purely arbitrary and therefore denied the equal protection of the laws to those
against whom it discriminated. It said: 'We conclude this part of the discussion
by saying that to declare that some of the class engaged in domestic trade or
commerce shall be deemed criminals if they violate the regulations prescribed
by the state for the purpose of protecting the public against illegal combinations

formed to destroy competition and to control prices, and that others of the same
class shall not be bound to regard those regulations, but may combine their
capital, skill, or acts to destroy competition and to control prices for their
special benefit, is so manifestly a denial of the equal protection of the laws that
further or extended argument to establish that position would seem to be
unnecessary.' The present case is distinguishable from the Connolly Case. The
classification there involved was of persons alike engaged in domestic trade,
which trade, the court said, was, of right, 'open to all, subject to such
regulations, applicable alike to all in like conditions, as the state may legally
prescribe.' Now, no one can be said to have the right, secured by the
Constitution, to use the country's flag merely for purposes of advertising
articles of merchandise. If everyone was entitled of right to use it for such
purposes, then, perhaps, the state could not discriminate among those who so
used it. It was for the state of Nebraska to say how far it would go by way of
legislation for the protection of the flag against improper use,taking care, in
such legislation, not to make undue discrimination against a part of its people. It
chose not to forbid the use of the flag for the exceptional purposes specified in
the statute, prescribing the fundamental condition that its use for any of those
purposes should be 'disconnected from any advertisement.' All are alike
forbidden to use the flag as an advertisement. It is easy to be seen how a
representation of the flag may be wholly disconnected from an advertisement,
and be used upon a newspaper, periodical, book, etc., in such way as not to
arouse a feeling of indignation nor offend the sentiments and feelings of those
who reverence it. In any event, the classification made by the state cannot be
regarded as unreasonable or arbitrary, or as bringing the statute under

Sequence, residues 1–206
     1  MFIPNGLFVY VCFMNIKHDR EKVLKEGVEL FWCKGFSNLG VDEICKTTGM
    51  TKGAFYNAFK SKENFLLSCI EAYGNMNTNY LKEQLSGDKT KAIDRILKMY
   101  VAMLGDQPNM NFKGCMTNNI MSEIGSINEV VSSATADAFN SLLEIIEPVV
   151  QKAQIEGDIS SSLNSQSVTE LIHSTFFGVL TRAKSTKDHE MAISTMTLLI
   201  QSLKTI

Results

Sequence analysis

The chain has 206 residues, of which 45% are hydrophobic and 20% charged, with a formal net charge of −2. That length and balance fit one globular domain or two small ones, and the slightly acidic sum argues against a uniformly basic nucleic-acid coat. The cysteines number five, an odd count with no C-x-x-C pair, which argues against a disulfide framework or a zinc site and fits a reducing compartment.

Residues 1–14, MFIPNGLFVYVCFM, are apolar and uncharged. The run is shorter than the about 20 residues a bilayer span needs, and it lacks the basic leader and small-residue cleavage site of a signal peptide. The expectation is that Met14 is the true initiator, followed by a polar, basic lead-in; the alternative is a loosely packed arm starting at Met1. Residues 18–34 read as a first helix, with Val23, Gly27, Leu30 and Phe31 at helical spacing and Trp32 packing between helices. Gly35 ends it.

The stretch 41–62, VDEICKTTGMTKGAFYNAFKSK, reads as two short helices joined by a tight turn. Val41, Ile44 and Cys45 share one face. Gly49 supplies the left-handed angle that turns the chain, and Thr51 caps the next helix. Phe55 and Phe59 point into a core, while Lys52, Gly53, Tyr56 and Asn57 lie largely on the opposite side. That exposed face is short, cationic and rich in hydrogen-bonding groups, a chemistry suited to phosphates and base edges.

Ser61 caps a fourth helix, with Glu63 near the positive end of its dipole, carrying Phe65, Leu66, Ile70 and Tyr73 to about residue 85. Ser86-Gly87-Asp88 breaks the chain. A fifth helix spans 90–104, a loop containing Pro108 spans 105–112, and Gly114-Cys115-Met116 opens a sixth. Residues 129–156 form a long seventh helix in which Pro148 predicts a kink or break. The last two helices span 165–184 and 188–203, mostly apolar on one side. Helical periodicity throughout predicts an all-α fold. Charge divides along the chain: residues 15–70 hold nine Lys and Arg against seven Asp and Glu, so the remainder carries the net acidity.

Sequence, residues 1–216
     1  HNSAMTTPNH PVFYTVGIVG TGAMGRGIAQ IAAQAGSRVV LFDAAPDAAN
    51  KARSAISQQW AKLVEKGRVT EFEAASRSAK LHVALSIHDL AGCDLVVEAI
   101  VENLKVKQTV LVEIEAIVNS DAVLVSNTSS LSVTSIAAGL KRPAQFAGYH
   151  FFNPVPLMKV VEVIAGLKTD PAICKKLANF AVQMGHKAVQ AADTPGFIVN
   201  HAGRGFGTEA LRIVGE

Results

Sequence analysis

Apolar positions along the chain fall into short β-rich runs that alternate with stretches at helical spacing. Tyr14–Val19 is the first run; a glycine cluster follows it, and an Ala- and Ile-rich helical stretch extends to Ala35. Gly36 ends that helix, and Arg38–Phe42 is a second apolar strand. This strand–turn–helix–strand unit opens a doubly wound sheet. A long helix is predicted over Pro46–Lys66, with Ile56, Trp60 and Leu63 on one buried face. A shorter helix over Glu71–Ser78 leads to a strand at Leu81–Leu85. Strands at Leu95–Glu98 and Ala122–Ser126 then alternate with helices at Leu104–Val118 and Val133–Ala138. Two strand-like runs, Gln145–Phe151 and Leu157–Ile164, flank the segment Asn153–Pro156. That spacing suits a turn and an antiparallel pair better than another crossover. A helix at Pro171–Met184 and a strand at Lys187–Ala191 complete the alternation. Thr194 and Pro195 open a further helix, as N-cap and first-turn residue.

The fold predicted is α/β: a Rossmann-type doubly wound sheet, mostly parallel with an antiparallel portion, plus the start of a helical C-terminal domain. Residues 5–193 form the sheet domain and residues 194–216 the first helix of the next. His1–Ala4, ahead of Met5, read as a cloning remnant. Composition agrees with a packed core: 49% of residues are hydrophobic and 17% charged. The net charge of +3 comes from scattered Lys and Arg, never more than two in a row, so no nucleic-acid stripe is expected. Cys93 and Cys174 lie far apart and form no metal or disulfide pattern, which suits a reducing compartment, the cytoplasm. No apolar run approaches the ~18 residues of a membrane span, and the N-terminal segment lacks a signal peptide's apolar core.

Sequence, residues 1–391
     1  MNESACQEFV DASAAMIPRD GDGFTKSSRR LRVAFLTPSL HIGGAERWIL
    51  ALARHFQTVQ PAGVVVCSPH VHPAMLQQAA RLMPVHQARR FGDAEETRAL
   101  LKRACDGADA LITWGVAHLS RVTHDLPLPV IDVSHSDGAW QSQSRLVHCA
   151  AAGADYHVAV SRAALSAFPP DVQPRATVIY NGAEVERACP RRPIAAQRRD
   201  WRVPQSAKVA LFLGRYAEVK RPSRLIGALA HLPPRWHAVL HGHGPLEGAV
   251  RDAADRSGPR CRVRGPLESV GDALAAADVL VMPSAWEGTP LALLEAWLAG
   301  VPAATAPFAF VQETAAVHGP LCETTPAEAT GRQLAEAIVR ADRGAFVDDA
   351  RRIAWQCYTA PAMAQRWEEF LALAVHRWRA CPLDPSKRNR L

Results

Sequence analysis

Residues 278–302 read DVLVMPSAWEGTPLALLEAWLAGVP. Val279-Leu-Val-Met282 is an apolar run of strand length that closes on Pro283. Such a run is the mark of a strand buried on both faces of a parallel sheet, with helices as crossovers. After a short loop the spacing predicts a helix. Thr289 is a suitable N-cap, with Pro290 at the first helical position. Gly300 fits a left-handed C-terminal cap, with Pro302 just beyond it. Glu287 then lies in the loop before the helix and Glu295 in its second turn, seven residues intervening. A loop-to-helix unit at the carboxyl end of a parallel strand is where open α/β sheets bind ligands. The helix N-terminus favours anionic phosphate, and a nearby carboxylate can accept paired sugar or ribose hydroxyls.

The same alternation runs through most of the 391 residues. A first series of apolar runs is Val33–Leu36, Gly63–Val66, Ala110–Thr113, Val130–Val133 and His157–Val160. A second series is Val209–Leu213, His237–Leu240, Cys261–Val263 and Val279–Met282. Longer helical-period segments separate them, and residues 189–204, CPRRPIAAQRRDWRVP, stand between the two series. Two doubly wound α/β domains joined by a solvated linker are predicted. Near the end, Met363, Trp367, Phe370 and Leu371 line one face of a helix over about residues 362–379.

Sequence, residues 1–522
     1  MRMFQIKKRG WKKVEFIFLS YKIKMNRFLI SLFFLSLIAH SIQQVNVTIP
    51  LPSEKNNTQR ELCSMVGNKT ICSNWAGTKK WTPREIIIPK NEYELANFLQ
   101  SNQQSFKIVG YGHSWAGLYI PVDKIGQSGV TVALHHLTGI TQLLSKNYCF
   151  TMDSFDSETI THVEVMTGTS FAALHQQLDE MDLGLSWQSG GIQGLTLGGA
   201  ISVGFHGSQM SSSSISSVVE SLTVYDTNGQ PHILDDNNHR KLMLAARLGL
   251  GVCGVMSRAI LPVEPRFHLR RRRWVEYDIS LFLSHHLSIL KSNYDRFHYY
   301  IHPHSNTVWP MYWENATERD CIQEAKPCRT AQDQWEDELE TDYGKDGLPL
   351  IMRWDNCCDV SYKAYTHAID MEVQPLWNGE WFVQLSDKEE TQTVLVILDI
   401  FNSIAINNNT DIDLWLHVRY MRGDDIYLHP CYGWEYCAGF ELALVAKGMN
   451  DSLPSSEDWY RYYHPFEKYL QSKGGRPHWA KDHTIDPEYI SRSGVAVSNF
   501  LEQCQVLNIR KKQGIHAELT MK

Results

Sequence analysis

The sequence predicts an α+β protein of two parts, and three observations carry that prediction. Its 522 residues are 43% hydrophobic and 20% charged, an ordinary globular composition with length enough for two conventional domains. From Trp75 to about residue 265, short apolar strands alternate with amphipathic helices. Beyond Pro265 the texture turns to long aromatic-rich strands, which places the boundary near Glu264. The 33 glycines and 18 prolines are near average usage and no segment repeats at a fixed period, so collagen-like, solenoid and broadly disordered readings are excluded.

condemnation as denying the equal protection of the laws.

It would be going very far to say that the statute in question had no reasonable
connection with the common good and was not promotive of the peace, order,
and well-being of the people. Before this court can hold the statute void it must
say that, and, in addition, adjudge that it violates rights secured by the
Constitution of the United States. We cannot so say and cannot so adjudge.


Without further discussion, we hold that the provision against the use of
representations of the flag for advertising articles of merchandise is not
repugnant to the Constitution of the United States. It follows that the judgment
of the state court must be affirmed.


It is so ordered.


Mr. Justice Peckham dissented.

' 2375g. Any person who, in any manner, for exhibition or display, shall place,
or cause to be placed, any word, figure, mark, picture, design, drawing, or any
advertisement of any nature, upon any flag, standard, color, or ensign of the
United States of America, or shall expose or cause to be exposed to public view
any such flag standard, color, or ensign, upon which shall be printed, painted, or
otherwise placed, or to which shall be attached, appended, affixed, or annexed,
any word, figure, mark, picture, design, or drawing, or any advertisement of any
nature, or who shall expose to public view, manufacture, sell, expose for sale,
give away, or have in possession for sale, or to give away, or for use for any
purpose, any article or substance, being an article of merchandise or a
receptacle of merchandise, upon which shall have been printed, painted,
attached, or otherwise placed, a representation of any such flag, standard, color,
or ensign, to advertise, call attention to, decorate, mark, or distinguish, the
article, or substance on which so placed, or who shall publicly mutilate, deface,
defile, or defy, trample upon or cast contempt, either by words or act, upon any
such flag, standard, color, or ensign, shall be deemed guilty of a misdemeanor,
and shall be punished by a fine not exceeding $100, or by imprisonment for not
more than thirty days, or both, in the discretion of the court.
' 2375h. The words flag, color, ensign, as used in this act, shall include any
flag, standard, ensign, or any picture or representation, or either thereof, made
of any substance, or represented on any substance, and of any size, evidently
purporting to be, either of said flag, standard, color, or ensign, of the United
States of America, or a picture or a representation of either thereof, upon which
shall be shown the colors, the stars, and the stripes, in any number of either
thereof, or by which the person seeing the same, without deliberation, may
believe the same to represent the flag, color, standard, or ensign of the United
States of America.
' 2375i. This act shall not apply to any act permitted by the statutes of the
United States of America, or by the United States Army and Navy regulations,
nor shall it be construed to apply to a newspaper, periodical, book, pamphlet,
circular, certificate, diploma, warrant, or commission of appointment to office,
ornamental picture, article of jewelry, or stationery for use in correspondence,
on any of which shall be printed, painted, or placed, said flag, disconnected
from any advertisement.' 1 Cobbey's Anno. Stat. (Neb.) 1903, chap. 139.
Ariz., Rev. Stat. 1901, p. 1295; Colo., 3 Mills's Anno. Stat., Rev. Supp. 18911905, p. 542; Conn., Gen. Stat. 1902, p. 387; Cal., Stat. 1899, p. 46; Del., 22
Sess. Laws, p. 982; Hawaii, Sess. Laws 1905, p. 20; Idaho, Sess. Laws 1905, p.
328; Ill., Sess. Laws 1899, p. 234; Ind., Acts 1901, p. 351; Kan., Gen. Stat.

1905, 2442, p. 499; Me., Rev. Stat. 1903, p. 911; Md., Laws 1902, p. 720;
Mass., 2 Rev. Laws 1902, p. 1742; Mich., Pub. Acts 1901, p. 139; Minn., Rev.
Laws 1905, 5180; Mo., 2 Anno. Stat. 1906, 2352; Mont., Laws 1905, p.
143; N. H., Pub. Stat. 1901, p. 810; N. J., Laws 1904, p. 34; N. M., Laws 1903,
p. 121; N. Y., Laws 1905, vol. 1, p. 973; N. Dak., Laws 1901, p. 103; Ohio,
Laws 1902, p. 305; Or., Gen. Laws 1901, p. 286; R. I., Sess. Acts Jan. & Dec.
1902, p. 65; Utah, Laws 1903, p. 29; Vt., Laws 1898, p. 93; Wis., Laws 1901,
p. 173; Wyo., Laws 1905, p. 86.